I feel like water is an important piece of a lot of your work – with the name of the show, I think about the piece you did for Atomic Culture last year recorded at the river and Unassigned Data for OK Contemporary – can you talk a little about the importance of water, specifically, with your work?
The appearance of water in my works comes from a couple places. I grew up with a close relationship with the creeks and rivers around my homelands near Tulsa and Pawnee. I had a natural curiosity as a kid wanting to explore those places and there is also a deep cultural connection to those places that I have really learned more about as an adult. So from that foundation came ideas for water/land-based works and looking to those close relatives for sources of inspiration. The long-fought battles to protect water by the indigenous people of this land have also inspired me to put focus on these natural systems that remain disrespected constantly by many industries and people. Some of those ideas for using natural and man-made materials associated with the complex bodies of water around me became part of my sound work once the TickSuck project started. Willow branches, water vessels, river soil, etc. have been sourced for sound structure and letting the water say something.
Speaking of the Unassigned Data performance for OK Contemporary, I’ve thought a lot about that one this year. It’s really great. How did that project come about and what presented the biggest challenge for you? Any plans to release the audio recording of it?
Thank you for checking that one out! This piece was conceived as a response to an exhibition called Fieldworks: Beyond Measure by Todd Stewart and Robert Bailey. OK Contemporary asked me to create this work because they had knowledge of my practice because of working together previously and they felt that some elements of my approach would work well with the methodology used for the creative process of Fieldworks. The concept for the piece came together really smoothly and an event score was developed to guide the creation of my version of Unassigned Data. I plan to use the score for creating more versions and want to share it so that other people can perform it as well. The score is not strictly for sound performance either, so other performance actions can be used and it is also adaptable to other land/water locations.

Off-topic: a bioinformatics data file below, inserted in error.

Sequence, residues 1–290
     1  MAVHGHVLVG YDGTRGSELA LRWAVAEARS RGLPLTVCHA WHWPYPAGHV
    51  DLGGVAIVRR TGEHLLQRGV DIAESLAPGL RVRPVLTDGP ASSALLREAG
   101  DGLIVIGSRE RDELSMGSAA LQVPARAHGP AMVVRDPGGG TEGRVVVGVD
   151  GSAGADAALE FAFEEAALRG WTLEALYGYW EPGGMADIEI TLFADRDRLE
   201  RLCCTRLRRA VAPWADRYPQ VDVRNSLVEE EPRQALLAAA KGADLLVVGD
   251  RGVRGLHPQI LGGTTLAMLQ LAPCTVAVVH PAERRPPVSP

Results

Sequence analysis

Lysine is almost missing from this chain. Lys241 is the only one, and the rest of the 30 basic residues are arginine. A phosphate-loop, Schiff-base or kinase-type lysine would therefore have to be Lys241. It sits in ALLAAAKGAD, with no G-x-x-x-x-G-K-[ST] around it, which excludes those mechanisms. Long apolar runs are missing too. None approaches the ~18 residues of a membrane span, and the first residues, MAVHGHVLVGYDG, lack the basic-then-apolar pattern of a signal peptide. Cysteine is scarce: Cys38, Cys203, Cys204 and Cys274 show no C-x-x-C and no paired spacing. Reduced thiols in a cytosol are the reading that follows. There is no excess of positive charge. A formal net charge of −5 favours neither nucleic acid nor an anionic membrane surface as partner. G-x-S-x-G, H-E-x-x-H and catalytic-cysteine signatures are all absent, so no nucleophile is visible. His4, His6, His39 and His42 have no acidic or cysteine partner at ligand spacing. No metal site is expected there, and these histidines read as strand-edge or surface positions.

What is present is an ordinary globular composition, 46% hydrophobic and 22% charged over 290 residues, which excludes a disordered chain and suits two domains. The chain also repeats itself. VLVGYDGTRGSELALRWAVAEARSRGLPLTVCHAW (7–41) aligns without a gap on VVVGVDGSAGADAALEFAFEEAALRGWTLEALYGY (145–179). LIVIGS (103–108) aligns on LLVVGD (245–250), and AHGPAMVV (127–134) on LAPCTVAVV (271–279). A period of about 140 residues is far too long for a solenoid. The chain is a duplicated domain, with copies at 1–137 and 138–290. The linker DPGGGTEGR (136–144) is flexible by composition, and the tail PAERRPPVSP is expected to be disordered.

The biggest challenge for this work was the short amount of time from idea to performance as well as the constraints imposed on the workflow by the Covid wave hitting during the winter of last year. There are no plans to release the audio yet but it would be nice to have two performances of the piece paired together on the right physical format.
Most memorable performances or albums you heard this year?
Live: LEYA, More Eaze, and KITE w/Robbie Wing at Tulsa Artist Fellowship was amazing. The other would be Laine and the Laters at Rodeo Cinema in OKC.
Endlings – Human Form
crieslol – Self Title
Pedestrian Deposit – Nostalgia:2000-06
Ghost Dance – Indian Babies: How to Keep Them Well
Merzbow – Scandal
Dean Blunt – Black Metal 2
Straight Panic – Jason Molina/Songs Ohia covers
Swap Meet! – Pressure in the Jungle/Hell
Ava Mendoza – New Spells
Ruohtta – Gutna
What’s next for you and Ticksuck?
A live performance in Dec. 2021 in my current hometown, Norman OK, for the first time ever.
Untitled Duo w/Mateo Galindo(crieslol, Spirit Plate) we’ve recorded a couple times, excited to play live!
Awful Eternity project with Taylor McKenzie (Fixed Rhythms, Karger Traum) live and recordings.
Forthcoming collaboration tracks with Kole Galbraith.